McDonald et al. reported that a dynamic multistep network of directional cues serves to recruit neutrophils to sites of cellular damage under sterile conditions. At least three key mechanisms were identified: (i) Activation of the Nlrp3 inflammasome by ATP released from necrotic cells, which promoted adherence of circulating neutrophils to sinusoids, (ii) generation of a chemokine gradient directing neutrophils to the site of cellular damage, and (iii) formyl-peptide signals from necrotic cells that help guide neutrophils through the sinusoids to the site of injury [
      • McDonald B.
      • Kubes P.
      Neutrophils and intravascular immunity in the liver during infection and sterile inflammation.
      ]. Activation of Toll-like-receptors (TLRs) also facilitates neutrophil recruitment and recent studies have highlighted the increased expression and functional importance of TLR2, 4, and 9 in acute and chronic liver disease [
      • Seki E.
      • Park E.
      • Fujimoto J.
      Toll-like receptor signaling in liver regeneration, fibrosis and carcinogenesis.
      ].
      Here we have used a mouse gene knockout approach to investigate the role of TLR2 in the response to toxic (carbon tetrachloride, CCl4) liver injury. We demonstrate a critical role for TLR2 (but not TLR4) for recruitment of neutrophils to the injured liver. TLR2 was required for expression of the CXCL-1 (KC) CXCL-2 (MIP-2) neutrophil chemokines by hepatic macrophages. In addition, the myeloid-related proteins MRP-8 (S100A8) and MRP-14 (S100A9) were also induced in response to liver injury and were responsive to TLR2 activation. Under normal physiological conditions S100A8 and S100A9 are expressed in neutrophils, monocytes, and eosinophils [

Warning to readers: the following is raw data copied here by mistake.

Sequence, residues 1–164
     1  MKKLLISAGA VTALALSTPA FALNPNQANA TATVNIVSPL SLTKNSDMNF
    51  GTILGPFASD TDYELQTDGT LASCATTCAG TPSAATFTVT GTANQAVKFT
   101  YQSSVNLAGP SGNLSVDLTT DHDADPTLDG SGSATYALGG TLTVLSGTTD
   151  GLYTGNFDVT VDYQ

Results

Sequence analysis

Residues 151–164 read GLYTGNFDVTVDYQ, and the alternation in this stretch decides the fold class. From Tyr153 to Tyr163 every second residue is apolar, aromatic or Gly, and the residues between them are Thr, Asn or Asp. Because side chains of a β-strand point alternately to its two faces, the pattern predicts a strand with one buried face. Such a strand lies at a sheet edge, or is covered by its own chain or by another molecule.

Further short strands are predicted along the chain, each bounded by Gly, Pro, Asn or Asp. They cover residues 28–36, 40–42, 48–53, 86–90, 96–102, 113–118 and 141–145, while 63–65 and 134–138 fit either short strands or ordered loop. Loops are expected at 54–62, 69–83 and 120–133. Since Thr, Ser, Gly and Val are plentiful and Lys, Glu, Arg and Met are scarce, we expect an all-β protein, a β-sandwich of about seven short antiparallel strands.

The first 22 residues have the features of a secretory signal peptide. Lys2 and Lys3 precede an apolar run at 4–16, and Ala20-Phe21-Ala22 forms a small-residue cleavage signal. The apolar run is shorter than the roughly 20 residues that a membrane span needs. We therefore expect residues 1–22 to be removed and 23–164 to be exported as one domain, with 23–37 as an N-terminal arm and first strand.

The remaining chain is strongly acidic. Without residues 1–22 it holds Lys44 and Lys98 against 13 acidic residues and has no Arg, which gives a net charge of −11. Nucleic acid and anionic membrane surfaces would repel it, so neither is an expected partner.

• Ryckman C.
      • Vandal K.
      • Rouleau P.
      • Talbot M.
      • Tessier P.A.
      Proinflammatory activities of S100: proteins S100A8, S100A9, and S100A8/A9 induce neutrophil chemotaxis and adhesion.
      ], but following tissue damage they are induced in epithelial and endothelial cells and upon secretion act as powerful leukocyte chemoattractants [
      • Lee M.J.
      • Lee J.K.
      • Choi J.W.
      • Lee C.S.
      • Sim J.H.
      • Cho C.H.
      • et al.
      Interleukin-6 induces S100A9 expression in colonic epithelial cells through STAT3 activation in experimental ulcerative colitis.